New Human Rights Policy Adopted by Waterloo Region District School Board Administrators



School trustees from the Waterloo Region District School Board have approved a new human rights policy.

There was no discussion of the new policy on Monday evening as the directors approved the minutes of the last committee meeting on April 19, formally putting the new policy in place.

Deepa Ahluwalia, human rights and equity advisor to the board, told CBC KW last month that the policy is to ensure that everyone’s basic human rights are respected.

“People are discriminated against and harassed because of their race, religion or gender identity,” she said. “We decided that we wanted to create a human rights policy to emphasize human rights and to really solidify our commitment to create an organizational culture based on human rights principles. “

The board has in the past used a policy of equity and inclusion, Ahluwalia said, but over the past year she has said that they have come to realize that fairness and rights of humans are different.

“An environment respectful of human rights”

The policy covers complaints of discrimination or harassment suffered by students and employees.

He says people cannot be harassed or discriminated against for a number of reasons, including:

  • Age.
  • Religion.
  • Race.
  • Gender identity or expression.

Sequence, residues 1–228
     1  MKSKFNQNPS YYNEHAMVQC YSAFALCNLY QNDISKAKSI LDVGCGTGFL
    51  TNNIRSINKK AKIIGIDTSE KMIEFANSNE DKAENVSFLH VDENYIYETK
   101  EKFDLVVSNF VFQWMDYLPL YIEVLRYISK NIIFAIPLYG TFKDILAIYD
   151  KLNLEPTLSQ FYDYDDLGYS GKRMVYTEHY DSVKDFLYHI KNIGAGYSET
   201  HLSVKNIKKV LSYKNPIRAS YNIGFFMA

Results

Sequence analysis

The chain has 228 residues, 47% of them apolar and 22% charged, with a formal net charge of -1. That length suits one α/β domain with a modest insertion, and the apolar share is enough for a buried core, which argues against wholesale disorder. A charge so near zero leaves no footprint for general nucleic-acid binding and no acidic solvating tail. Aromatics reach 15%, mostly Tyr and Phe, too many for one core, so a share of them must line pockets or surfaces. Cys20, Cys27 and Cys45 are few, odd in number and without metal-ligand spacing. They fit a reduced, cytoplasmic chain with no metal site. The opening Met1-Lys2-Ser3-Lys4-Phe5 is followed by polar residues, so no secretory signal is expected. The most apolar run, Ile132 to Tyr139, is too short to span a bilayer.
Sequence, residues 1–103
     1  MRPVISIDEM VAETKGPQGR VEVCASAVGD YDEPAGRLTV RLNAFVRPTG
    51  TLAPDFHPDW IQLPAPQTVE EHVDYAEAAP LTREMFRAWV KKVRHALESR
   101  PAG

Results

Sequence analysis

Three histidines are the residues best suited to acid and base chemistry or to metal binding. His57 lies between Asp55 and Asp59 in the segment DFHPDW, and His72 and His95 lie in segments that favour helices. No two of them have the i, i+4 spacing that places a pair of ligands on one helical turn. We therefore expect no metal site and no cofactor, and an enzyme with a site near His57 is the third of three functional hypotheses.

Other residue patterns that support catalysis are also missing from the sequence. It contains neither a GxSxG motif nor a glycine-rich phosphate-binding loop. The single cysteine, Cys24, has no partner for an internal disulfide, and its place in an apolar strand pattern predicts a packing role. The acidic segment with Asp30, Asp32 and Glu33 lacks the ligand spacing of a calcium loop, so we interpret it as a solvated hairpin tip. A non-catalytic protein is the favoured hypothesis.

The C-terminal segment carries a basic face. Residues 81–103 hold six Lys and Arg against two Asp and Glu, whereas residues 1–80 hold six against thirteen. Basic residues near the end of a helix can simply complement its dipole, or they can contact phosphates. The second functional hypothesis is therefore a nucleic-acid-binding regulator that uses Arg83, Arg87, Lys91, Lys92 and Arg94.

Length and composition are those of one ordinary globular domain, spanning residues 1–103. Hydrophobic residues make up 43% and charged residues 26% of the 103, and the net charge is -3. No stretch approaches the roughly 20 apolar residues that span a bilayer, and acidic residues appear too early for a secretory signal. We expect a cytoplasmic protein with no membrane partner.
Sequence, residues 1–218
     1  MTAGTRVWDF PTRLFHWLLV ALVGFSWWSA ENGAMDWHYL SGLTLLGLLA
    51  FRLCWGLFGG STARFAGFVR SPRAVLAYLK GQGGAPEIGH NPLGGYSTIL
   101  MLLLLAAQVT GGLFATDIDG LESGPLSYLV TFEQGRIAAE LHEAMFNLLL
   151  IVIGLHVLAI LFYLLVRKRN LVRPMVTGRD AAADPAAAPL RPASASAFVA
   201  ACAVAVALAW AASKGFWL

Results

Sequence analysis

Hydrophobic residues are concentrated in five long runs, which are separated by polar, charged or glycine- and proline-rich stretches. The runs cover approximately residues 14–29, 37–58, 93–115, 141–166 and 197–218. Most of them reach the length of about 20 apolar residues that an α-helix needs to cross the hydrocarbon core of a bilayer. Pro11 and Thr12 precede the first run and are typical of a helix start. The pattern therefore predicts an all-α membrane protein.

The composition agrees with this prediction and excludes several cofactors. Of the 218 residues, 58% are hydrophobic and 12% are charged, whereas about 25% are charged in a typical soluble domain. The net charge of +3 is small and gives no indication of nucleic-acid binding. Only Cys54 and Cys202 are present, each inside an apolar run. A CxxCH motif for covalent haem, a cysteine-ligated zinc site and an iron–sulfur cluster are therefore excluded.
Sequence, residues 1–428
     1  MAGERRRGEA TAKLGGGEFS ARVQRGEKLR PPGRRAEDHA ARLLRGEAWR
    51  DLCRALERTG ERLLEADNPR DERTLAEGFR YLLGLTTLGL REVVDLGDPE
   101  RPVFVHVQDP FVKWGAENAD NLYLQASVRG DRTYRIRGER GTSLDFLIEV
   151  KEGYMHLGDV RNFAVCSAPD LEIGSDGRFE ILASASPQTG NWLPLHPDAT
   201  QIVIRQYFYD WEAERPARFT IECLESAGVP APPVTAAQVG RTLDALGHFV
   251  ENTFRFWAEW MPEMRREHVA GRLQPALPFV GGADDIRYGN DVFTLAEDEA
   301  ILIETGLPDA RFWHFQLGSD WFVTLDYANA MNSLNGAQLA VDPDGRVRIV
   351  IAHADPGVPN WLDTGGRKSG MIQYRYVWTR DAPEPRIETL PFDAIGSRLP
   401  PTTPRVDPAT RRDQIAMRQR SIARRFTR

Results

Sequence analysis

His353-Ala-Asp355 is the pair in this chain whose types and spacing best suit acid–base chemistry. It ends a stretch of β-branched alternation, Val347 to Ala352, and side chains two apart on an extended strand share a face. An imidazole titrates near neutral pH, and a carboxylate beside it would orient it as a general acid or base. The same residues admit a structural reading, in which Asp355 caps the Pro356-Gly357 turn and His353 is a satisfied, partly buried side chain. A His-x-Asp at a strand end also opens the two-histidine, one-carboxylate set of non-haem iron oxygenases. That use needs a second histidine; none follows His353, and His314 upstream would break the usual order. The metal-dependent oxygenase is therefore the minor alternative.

• Sexual orientation.
  • Disability.
  • Citizenship.
  • Place of origin.
  • Benefit from public housing assistance.
  • Family or marital status.

“The policy also prohibits discrimination or harassment based on any combination of these grounds,” a draft of the policy reads.

The policy also states that the school board “has a duty to maintain an environment that is respectful of human rights and free from discrimination and harassment for all employees and individuals.”

The newly approved policy will be added to the WRDSB website in the coming days, staff said.

Ahluwalia said the policy will impact students and employers by helping to build trust with racialized and marginalized groups who have felt their concerns about the school system go unheeded.

“I really hope that through this process, we can start to regain that trust and really demonstrate that we want to resolve these situations and that we are committed to doing so and that we take these complaints very seriously,” he said. she declared.

Listen to the full interview with Deepa Ahluwalia:

Morning Edition – KW7:22WRDSB develops human rights policy

The Waterloo Region District School Board is developing its first human rights policy. Deepa Ahluwalia is the Board’s Human Rights and Equity Advisor and explains what this will mean for parents and children. 7:22


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